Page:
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Supporting autism at work: Don’t wait for diagnosis experts advice

supporting-autism-at-work

Experts tell employers not to wait for diagnosis when supporting staff with autism. Workplace health experts are calling for employers to take ‘stepped approach’ to supporting staff with autism rather than waiting for formal diagnosis.

In a report launched by the Society of Occupational Medicine, which coincides with World Autism Awareness Week, (28 March – 3 April 2023), experts have recommended an initial screening conversation to determine the need for adjustments such as remote working, technology and coaching.

What steps to take to support neurodifferences including autism at work

If these initial steps don’t improve workplace performance, escalated options include a specialist review and a workplace needs assessment, with a formal diagnosis only prioritised if those options prove inadequate. A stepped approach is also appropriate in employment because equality legislation isn’t predicated on diagnostic status.

Guiding steps for employers are outlined in SOM’s new report for employers, HR professionals and workplace health experts titled ‘Evaluating and supporting Neurodifferences at work’.

Nick Pahl, CEO of the Society of Occupational Medicine, said: “We are proud to have launched a practical and evidence-based guide for employers during World Autism Awareness Week”

“Our message to employers is: don’t wait for a formal diagnosis to support your staff who may have autism. There are plenty of steps you can take right away.

“We hope the report will help de-mystify neurodifference in the workplace, and lead to confidence in raising what can be a tricky and emotional topic.”

Experts urge employers to make the most of the strengths of neurodiverse staff. For employees with autism, these could be memory ability, specialist individual skills, innovative thinking and detail observation. Between 15 and 20% of the workforce is estimated to be in a “neurominority” – people whose thinking skills and behaviours are not like the neurotypical norm.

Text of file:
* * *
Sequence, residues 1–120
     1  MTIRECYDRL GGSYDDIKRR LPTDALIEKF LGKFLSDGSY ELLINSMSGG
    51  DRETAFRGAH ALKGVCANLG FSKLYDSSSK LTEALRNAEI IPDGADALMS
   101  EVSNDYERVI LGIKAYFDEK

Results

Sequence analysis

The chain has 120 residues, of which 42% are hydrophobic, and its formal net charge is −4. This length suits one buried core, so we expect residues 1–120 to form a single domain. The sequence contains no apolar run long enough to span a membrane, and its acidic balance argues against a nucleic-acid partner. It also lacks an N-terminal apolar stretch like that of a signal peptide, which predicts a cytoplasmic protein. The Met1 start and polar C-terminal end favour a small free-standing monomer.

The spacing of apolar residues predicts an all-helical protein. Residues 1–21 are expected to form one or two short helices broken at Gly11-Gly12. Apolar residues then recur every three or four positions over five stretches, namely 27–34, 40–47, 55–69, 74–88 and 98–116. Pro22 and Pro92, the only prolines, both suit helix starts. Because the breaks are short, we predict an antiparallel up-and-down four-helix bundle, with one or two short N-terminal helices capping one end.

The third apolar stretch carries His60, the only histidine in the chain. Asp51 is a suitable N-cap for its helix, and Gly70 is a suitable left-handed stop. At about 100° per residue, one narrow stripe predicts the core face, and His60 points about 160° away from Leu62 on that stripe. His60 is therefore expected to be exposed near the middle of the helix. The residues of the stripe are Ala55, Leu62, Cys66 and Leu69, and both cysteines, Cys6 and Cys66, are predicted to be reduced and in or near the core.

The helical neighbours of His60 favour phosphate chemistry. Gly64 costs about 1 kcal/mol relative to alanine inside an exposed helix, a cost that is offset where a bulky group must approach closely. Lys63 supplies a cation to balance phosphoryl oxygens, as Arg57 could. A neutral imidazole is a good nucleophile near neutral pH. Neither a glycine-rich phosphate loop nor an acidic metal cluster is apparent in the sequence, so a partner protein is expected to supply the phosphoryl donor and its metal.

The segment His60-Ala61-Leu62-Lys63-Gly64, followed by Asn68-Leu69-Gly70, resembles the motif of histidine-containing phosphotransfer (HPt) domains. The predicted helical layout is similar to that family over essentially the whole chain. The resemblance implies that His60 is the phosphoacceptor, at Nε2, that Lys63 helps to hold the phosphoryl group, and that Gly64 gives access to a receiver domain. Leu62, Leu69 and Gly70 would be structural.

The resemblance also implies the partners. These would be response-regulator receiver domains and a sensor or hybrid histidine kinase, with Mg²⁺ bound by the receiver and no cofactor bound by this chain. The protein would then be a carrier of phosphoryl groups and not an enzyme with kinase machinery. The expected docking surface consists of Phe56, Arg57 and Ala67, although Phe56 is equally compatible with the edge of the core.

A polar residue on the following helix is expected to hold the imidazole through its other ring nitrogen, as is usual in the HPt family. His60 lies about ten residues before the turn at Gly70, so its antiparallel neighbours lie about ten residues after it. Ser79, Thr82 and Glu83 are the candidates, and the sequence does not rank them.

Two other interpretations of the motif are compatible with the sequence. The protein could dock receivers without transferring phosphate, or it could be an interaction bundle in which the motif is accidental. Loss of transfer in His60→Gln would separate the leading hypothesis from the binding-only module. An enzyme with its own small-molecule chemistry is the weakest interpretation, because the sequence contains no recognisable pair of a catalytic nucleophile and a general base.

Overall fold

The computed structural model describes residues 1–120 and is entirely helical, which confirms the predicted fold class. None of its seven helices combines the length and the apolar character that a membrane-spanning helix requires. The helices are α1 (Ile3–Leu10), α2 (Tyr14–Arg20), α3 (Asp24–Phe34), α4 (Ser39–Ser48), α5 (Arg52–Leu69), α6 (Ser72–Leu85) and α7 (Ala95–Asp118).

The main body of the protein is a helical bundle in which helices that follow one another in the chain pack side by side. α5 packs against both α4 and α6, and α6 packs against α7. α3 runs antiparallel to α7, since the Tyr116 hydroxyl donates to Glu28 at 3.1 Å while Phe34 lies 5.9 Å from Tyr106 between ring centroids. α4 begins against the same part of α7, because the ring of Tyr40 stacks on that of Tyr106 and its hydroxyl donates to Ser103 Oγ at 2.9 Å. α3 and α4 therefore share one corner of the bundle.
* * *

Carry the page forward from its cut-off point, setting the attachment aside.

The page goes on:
Autism often manifests in inconsistency in performance

The hallmark of neurodifference in an employee is often an inconsistency in work performance, known as the ‘spiky profile’. This is when an employee excels at some aspects of their work, but struggles in others, or can work brilliantly for a time, but who has persistent periods of productivity loss.

This is a flag for an employer that an individual may have a health or neurodevelopmental condition and may prompt a referral to occupational health (OH) for support recommendations.

Ask occupational health experts to help

Professional OH specialists are an ideal starting point for employers as they are members of regulated bodies, avoiding the risk of employers using unregulated suppliers.

Co-author of the report Dr Nancy Doyle, Occupational Health Psychologist and member of SOM Occupational Health Psychology Special Interest Group, said:

“Navigating services for neurodiversity, including autism. can be confusing .

“There are many options for support and it’s hard to pinpoint which you need at which point.

“Occupational health specialists are an excellent resource for businesses and employers in terms of ensuring that the right help and support is found.”

OH professionals can provide guidance on how to seek specialist support from a credible registered provider to provide a clinical assessment, in line with evidence based practice and reliable peer-reviewed tools